Substituting this in to 1/s = ( 1 + 3/s ) I sub 1 − 3/s • I sub 2

1/s= ( 1 + 3/s)• 1/3(s^2 + 5s + 3)• I sub 2 − 3/s • I sub 2

Multiplying through by 3s gives

3 = (s^3 + 8s^2 + 18s)I sub2 I sub 2 = 3/s^3 + 8s^2 + 18s

V sub o(s) = s(I sub 2) = 3/(s^2 + 8s + 18)

= 3/√2 • √2 /[(s + 4)2 + ( √2)^2]

Taking the inverse transform yields

v sub o(t) = 3/√2•e^−4t • sin √2t V

Where t ≥ 0

Chapter 19: Two Port Networks

Learning Objectives

By using the information and exercises in this chapter you will be

able to:

1. Understand the variety of two-port parameters that make analyzing circuits easier.

2. Understand impedance parameters and how to use them effectively in analyzing certain classes of circuit analysis problems.

3. Understand admittance parameters and how to use them effectively in analyzing certain classes of circuit analysis problems.

4. Understand hybrid parameters and how to use them effectively in analyzing certain classes of circuit analysis problems.

5. Understand transmission parameters and how to use them effectively in analyzing certain classes of circuit analysis problems.

6. Understand the relationships between all two-port parameters.

7. Understand how to interconnect networks using the characteristics of the variety of parametric relationships.

A two-port network is an electrical network with two separate ports for input and output.


1. A two-port network is one with two ports (or two pairs of access terminals), known as input and output ports.

2. The six parameters used to model a two-port network are the impedance[z], admittance [y], hybrid [h], inverse hybrid [g], transmission[T], and inverse transmission [t] parameters.

3. The parameters relate the input and output port variables as

4. The parameters can be calculated or measured by short-circuiting or

open-circuiting the appropriate input or output port.

5. A two-port network is reciprocal if

z sub 12 = z sub 21

y sub 12 = y sub 21

h sub 12 = −h sub 21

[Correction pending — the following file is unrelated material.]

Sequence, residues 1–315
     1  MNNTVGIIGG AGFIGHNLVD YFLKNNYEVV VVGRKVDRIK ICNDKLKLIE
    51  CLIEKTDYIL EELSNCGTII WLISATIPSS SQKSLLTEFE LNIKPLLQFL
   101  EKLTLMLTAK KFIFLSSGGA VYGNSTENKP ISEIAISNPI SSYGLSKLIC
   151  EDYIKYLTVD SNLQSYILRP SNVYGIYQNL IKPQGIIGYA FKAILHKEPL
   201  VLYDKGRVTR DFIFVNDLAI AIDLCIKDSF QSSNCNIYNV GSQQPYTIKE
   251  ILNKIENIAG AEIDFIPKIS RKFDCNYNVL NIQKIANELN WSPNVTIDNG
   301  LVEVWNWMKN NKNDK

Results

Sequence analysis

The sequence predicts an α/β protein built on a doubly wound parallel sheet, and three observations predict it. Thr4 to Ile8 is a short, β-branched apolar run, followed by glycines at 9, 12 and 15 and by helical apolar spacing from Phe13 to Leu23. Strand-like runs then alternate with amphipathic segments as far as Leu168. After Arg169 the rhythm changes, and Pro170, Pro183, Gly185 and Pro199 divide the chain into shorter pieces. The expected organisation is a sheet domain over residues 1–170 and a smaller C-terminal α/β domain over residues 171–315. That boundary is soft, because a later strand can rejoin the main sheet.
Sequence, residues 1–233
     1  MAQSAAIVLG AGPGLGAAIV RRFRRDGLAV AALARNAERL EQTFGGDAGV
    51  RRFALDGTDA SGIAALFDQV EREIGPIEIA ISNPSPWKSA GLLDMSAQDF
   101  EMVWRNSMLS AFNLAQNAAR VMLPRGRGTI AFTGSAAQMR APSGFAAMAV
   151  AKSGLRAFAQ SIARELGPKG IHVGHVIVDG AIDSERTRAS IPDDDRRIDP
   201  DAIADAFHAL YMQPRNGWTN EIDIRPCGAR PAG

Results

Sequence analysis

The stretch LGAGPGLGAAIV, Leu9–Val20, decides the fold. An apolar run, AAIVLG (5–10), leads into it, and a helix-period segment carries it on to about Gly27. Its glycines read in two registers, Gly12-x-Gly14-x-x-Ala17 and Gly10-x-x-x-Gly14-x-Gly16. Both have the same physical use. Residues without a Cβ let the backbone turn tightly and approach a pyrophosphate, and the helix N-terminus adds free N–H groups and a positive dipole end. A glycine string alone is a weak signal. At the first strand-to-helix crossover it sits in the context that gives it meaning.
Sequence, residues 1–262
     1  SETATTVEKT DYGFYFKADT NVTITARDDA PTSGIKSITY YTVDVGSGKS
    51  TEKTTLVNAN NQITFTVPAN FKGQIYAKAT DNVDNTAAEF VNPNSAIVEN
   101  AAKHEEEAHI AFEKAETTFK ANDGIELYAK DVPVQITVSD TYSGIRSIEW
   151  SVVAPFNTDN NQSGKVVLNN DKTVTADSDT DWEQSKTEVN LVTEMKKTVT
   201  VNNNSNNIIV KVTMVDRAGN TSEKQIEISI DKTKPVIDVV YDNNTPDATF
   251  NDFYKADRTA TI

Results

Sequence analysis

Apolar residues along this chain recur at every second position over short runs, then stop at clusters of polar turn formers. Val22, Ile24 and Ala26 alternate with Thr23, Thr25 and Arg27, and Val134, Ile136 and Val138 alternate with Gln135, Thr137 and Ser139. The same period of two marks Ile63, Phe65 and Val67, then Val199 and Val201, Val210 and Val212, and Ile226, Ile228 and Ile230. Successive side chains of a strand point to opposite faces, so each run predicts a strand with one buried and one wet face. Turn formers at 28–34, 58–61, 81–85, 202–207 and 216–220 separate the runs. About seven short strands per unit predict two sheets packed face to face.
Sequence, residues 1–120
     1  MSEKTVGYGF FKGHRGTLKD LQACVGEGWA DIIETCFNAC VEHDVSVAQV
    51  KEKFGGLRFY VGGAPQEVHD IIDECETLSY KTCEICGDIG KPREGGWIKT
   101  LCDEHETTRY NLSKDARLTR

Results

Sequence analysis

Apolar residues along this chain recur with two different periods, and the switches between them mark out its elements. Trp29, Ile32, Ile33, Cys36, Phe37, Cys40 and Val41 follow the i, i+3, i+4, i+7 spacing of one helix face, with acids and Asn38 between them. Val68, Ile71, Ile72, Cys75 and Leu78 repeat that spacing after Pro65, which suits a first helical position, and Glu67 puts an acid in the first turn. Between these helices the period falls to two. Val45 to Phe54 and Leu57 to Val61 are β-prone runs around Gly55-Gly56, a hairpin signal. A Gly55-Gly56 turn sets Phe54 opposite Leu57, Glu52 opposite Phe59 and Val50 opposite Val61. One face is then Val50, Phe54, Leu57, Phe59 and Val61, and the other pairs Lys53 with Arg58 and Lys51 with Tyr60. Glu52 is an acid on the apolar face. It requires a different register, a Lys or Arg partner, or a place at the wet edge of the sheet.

g sub 12 = −g sub 21

ΔT = 1

or Δ of t = 1.

Networks that have dependent sources are not reciprocal.

6. Table 19.1 provides the relationships between the six sets of parameters.

Three important relationships are

[y] = [z]^−1,

[g] = [h]^−1,

[t] ≠ [T]^−1

7. Two-port networks may be connected in series, in parallel, or in

cascade. In the series connection the z parameters are added, in the

parallel connection the y parameters are added, and in the cascade

connection the transmission parameters are multiplied in the correct


8. One can use PSpice to compute the two-port parameters by constraining

the appropriate port variables with a 1-A or 1-V source

while using an open or short circuit to impose the other necessary


9. The network parameters are specifically applied in the analysis of

transistor circuits and the synthesis of ladder LC networks. Network

parameters are especially useful in the analysis of transistor circuits

because these circuits are easily modeled as two-port networks. LC

ladder networks, important in the design of passive low-pass filters,

resemble cascaded T networks and are therefore best analyzed as


Exam 3: Chapters 15, 16, and 19 See above


Watch all of these:

Circuits 2 Playlist

Do all of the Khan Academy AC Circuit analysis lessons and probably the Laplace Transforms lessons:

AC Circuit Analysis:

Laplace Transforms:

Cheat Sheets

Exam 1:

Exam 2:

Exam 3: